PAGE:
December 17, 2007

Pissy 'USAir Flight Attendant' Has Own CARES Flying Harness Laws

Well, we all knew it would happen. On the bright side, it didn't happen to you! Rather than schlep a car seat around on the trains of Europe this holiday season, DT regular Darren is field-testing a CARES flying harness, which is FAA-approved and which, as we established here, every US airline is totally on board with--except for the half of USAir who doesn't give a damn what the FAA "regulations" are:

Took the kidlette to Switzerland from SD to meet up with the wife, as planned. In Basel now. SD - Philly leg of the trip: One flight attendant who said she'd never seen the harness before and didn't think it was allowed. The other who said she had seen it and was certain it was NOT permitted by her airline. I assured her that her own customer service said otherwise and in any case showed her that it was FAA approved. She said as the purser, it was her prerogative, and that it was not permitted, so I' have to carry Ava in my lap for take-off and landing. I said I thought that holding her in my lap sounded MUCH safer than keeping her in an FAA-approved four point safety belt. She didn't appreciate the sarcasm and promply ignored me the rest of the flight, despite me being in seats 1A and 1B.

Philly to ZRH - flight attendants all very familiar with kidsflysafe and approved of use. Thought it was great. Surprised to hear some of their colleagues weren't aware of this.

So about what I was guessing would happen.

It's like the best of Trickledown Theory and the Unitary Executive, with a little bit of Bobby Brown on top! And no warm nut cup. USAir! USAir! USAir!

Previously: Does USAir forbid FAA-approved CARES safety harnesses? Uh, yes, about 50% of the time.


My personal opinion is that airlines hate people. Kind of like Deutsche Bahn here in Germany :P

Hope Darren will write and complain, only way this kind of thing is going to get fixed.

Well, we're flying down to Dallas from Washington DC for the holidays and I have a CARES harness to use instead of the Radian80 seat. We're checking the seat through so I don't have to carry it through the airports. Conveniently it folds up and has a travel bag. But as for the harness, this is sounding like it could be a pita. If I get confronted with a steward like mentioned above, I fear I may get us ejected from the plane. I've already got all the FAA regulations printed out and in the bag with the harness in case this situation arises, but I sure hope it doesn't, because I won't back down. I'm having my son be as safe as possible, which to me means he's going to be strapped in to his seat, which I had to pay full adult price for. If he's not going to be allowed to be in his seat for the most dangerous parts of the flight, I'll be demanding a refund of the price paid, since I was not allowed full use of the seat I purchased. So, we may get ejected from the plane if this situation happens to us, I won't back down on a safety issue.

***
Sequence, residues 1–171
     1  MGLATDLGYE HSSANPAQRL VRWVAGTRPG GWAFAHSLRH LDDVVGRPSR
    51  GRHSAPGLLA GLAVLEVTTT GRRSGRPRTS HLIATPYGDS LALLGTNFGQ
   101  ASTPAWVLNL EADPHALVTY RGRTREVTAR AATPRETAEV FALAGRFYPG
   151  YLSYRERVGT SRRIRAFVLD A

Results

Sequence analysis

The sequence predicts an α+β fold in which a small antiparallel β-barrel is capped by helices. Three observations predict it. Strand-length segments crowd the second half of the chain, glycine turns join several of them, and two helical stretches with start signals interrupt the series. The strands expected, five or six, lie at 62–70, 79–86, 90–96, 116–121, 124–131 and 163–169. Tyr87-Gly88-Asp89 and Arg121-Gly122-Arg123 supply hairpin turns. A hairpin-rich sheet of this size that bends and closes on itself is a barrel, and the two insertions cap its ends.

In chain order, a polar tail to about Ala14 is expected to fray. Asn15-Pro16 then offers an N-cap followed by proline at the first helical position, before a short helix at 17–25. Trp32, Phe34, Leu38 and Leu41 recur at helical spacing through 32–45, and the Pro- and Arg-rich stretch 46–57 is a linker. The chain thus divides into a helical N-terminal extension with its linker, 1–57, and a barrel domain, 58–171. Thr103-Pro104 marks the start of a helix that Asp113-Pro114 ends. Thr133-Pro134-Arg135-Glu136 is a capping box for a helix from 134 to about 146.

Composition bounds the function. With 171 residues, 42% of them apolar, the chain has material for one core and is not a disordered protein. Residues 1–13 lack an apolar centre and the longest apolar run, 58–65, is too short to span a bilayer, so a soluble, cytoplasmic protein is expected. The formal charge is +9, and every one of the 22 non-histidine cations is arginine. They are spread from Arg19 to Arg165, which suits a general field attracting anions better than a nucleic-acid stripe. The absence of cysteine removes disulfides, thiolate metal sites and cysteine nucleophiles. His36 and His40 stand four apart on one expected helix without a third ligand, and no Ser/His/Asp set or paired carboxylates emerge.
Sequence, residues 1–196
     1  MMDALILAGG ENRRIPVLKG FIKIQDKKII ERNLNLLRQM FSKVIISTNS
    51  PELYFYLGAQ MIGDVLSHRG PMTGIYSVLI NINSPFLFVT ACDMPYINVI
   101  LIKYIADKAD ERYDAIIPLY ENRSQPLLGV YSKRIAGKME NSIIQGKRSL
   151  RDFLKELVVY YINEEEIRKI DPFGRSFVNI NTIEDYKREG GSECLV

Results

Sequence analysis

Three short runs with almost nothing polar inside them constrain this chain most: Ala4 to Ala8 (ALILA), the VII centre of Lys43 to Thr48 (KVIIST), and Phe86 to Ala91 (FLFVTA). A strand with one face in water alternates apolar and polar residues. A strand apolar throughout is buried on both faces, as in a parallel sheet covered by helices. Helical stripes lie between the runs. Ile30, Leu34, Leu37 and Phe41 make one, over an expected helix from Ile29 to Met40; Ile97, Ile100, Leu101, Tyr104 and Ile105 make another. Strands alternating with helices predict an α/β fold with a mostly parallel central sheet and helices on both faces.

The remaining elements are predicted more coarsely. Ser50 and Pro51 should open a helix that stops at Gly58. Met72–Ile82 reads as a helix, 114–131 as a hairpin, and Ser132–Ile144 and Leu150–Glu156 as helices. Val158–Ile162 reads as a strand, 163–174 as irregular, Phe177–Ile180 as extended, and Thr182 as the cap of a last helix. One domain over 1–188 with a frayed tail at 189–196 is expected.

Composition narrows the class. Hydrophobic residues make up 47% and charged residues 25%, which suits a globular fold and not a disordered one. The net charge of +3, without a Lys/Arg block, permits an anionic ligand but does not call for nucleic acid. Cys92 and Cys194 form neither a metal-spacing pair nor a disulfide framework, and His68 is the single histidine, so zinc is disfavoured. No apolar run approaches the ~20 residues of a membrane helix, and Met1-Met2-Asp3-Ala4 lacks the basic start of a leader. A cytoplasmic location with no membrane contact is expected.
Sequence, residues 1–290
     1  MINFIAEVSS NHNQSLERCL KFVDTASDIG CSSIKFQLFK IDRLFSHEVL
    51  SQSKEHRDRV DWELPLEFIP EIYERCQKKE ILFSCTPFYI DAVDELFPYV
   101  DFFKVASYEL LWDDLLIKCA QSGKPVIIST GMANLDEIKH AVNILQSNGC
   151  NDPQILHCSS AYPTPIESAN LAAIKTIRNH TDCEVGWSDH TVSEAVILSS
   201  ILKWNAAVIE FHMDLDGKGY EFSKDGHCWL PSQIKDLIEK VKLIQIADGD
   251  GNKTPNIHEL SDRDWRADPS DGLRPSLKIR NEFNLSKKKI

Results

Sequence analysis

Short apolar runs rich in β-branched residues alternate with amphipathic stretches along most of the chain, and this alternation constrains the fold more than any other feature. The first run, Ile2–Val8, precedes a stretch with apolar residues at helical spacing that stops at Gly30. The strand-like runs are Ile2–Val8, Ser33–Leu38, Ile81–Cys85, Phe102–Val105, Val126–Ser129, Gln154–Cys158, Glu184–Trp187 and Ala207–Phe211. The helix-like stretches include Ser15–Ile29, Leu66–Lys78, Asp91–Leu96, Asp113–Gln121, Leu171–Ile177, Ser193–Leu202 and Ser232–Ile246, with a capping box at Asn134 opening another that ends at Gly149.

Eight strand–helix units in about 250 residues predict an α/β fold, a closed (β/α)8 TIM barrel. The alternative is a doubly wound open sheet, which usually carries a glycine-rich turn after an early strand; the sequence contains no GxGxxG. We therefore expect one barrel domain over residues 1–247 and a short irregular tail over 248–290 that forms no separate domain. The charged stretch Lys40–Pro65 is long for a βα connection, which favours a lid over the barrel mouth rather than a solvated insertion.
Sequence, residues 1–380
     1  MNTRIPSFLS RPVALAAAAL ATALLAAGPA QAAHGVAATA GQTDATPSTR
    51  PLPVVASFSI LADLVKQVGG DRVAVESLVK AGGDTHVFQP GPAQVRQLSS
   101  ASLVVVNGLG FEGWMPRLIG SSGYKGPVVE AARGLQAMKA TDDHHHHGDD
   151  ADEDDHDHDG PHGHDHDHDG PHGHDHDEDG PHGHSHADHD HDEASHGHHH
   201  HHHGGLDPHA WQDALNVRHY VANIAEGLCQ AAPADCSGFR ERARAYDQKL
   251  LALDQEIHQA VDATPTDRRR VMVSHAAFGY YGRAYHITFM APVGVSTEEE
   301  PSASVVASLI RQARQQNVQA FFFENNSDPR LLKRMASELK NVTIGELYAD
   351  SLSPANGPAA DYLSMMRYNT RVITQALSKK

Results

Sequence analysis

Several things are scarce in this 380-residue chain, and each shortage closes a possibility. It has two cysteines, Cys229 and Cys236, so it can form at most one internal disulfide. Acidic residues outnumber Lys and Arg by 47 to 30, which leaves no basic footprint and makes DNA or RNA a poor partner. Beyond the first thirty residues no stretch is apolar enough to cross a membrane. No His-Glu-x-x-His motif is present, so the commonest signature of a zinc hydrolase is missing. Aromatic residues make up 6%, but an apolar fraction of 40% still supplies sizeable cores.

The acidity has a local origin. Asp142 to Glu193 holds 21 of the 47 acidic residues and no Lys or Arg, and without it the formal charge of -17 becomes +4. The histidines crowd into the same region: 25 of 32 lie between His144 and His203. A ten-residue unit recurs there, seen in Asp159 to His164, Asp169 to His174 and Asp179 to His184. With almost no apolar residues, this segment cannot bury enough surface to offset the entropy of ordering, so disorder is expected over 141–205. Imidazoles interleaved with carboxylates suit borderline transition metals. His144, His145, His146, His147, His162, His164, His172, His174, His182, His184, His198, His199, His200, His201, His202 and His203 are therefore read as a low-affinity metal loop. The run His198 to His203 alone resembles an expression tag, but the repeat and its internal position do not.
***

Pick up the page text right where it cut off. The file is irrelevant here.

About the CARES harness, it has been only recently approved for use at the airline I work for (not US Airways). I believe all the US airlines have approved this for use. The way airlines make policy and give out information, both to customers and employees, is another argument. If your consern is the childs safety, don't become confontational if the Flight attendant questions the Cares harness, they have probably never seen one before. I still haven't. Ask the flight attendant if they would refer to their Flight Attendant manual in the infant restraint section to see if their airline has updated the policy. The way these revisions are given out it would be easy to miss something here or there. If, by chance, that airline has not approved the Cares harness, the airlines policy superceedes any blanket FAA certificate on the harness.

[while I can agree with the benefits of not being confrontational with the flight crew, that last statement, about the airline policy superceding the FAA regulation and approval is in direct opposition to CARES' own statement of FAA policy. I highly doubt that the FAA considers that airline policy supercedes its own on safety restraints. And anyway, the previous post on this topic includes links to the published policy for every major US airline, and the only one with any real ambiguity is USAir, and they're clearly inconsistent, sloppy, and ignorant. caveat flyer. -ed.]


I admire your tenacity, but I would seriously consider backing down if it gets to a point where you are looking at being ejected from the plane. "Disobeying a flight attendant" is probably a felony now (it's certainly illegal), and getting escorted off a plane will get you on so many blacklists that you'll be getting colonoscopies from the TSA for the rest of your life every time you try to get on a plane. It sucks, but our entire flight security apparatus is broken from top to bottom, and the only thing we can do in the face of its unchecked idiotic authority is to submit.